Adelaide based Thom Buchanan’s work reflects a fascination with time and the built environment, from large-scale live painting to layered works on canvas.
Strong attention to the vanishing point, is the invitation to enter his work which are sometimes ghostly, often mixing dark and light tones, to try to draw the viewer through an imaginative timescale that encompasses future built environments – utopian and dystopian, enhancing the layered pasts he feels we still inhabit. Any future vision should attempt to communicate with and through the thousands of years of history that precedes it, from Indigenous understandings and uses of place, through to contemporary migrant experiences. I aim to create images that work both away and towards, into past and future, using fusion and decay. I am fascinated by the tensions between natural and built environments, between moving forwards and being still, and between the living and the dead.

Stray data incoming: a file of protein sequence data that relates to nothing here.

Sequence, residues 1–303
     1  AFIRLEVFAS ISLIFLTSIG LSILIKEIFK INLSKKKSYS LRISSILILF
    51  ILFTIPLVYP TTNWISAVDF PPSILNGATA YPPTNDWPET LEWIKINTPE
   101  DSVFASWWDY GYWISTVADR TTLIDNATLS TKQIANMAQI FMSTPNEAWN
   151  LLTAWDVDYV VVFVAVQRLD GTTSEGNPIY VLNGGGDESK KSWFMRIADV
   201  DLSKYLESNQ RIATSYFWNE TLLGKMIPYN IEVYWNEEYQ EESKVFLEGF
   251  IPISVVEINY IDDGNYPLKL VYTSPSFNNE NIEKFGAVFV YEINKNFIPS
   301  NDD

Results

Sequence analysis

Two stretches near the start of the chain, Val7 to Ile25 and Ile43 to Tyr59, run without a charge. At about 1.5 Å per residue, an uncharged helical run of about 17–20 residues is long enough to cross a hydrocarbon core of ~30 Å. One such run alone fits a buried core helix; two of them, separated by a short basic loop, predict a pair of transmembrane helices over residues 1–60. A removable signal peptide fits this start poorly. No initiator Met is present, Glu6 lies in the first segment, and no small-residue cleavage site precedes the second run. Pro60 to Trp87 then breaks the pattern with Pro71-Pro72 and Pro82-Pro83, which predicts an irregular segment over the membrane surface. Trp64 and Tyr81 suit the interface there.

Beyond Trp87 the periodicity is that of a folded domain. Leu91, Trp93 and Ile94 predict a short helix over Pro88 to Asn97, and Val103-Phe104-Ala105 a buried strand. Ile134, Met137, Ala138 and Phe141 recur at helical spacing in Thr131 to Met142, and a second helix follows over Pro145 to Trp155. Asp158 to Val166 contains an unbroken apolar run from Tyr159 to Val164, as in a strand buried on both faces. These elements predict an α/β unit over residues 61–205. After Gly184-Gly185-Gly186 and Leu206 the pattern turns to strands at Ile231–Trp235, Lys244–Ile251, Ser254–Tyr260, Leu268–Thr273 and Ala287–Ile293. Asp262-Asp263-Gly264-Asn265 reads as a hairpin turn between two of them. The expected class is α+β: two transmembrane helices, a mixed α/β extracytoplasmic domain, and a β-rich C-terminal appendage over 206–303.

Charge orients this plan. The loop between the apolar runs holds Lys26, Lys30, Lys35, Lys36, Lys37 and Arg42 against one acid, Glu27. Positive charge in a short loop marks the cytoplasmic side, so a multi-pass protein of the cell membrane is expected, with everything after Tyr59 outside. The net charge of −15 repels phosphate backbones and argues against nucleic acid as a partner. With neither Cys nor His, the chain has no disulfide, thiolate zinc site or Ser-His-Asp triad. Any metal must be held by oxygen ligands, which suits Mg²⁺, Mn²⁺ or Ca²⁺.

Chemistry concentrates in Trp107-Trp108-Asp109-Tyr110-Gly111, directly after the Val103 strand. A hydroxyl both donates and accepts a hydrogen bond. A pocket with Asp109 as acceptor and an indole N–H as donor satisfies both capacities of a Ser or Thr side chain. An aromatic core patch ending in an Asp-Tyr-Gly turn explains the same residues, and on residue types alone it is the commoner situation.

Thom’s reflection of his time on The Ghan:
Nostalgic, majestic and totally encapsulating are words to describe the journey on The Ghan. Witnessing the epically beautiful landscape whilst trying to absorb its magnitude, ponder in thought and render in the residue of the experiences, is an altogether staggering way to travel. The metamorphoses and changing scenery was such a powerful and grounding vision that it has left a cerebral imprint that will last a lifetime.
This expedition is truly a unique way to experience and understand our complex story, our Indigenous history, landscape and culture. It has certainly exposed me to the wonders of this great land, to the magnificent and epically picturesque county we call Australia, in all its facets.
Travel and adventure is the researcher as well as the best teacher to encourage response and reflection.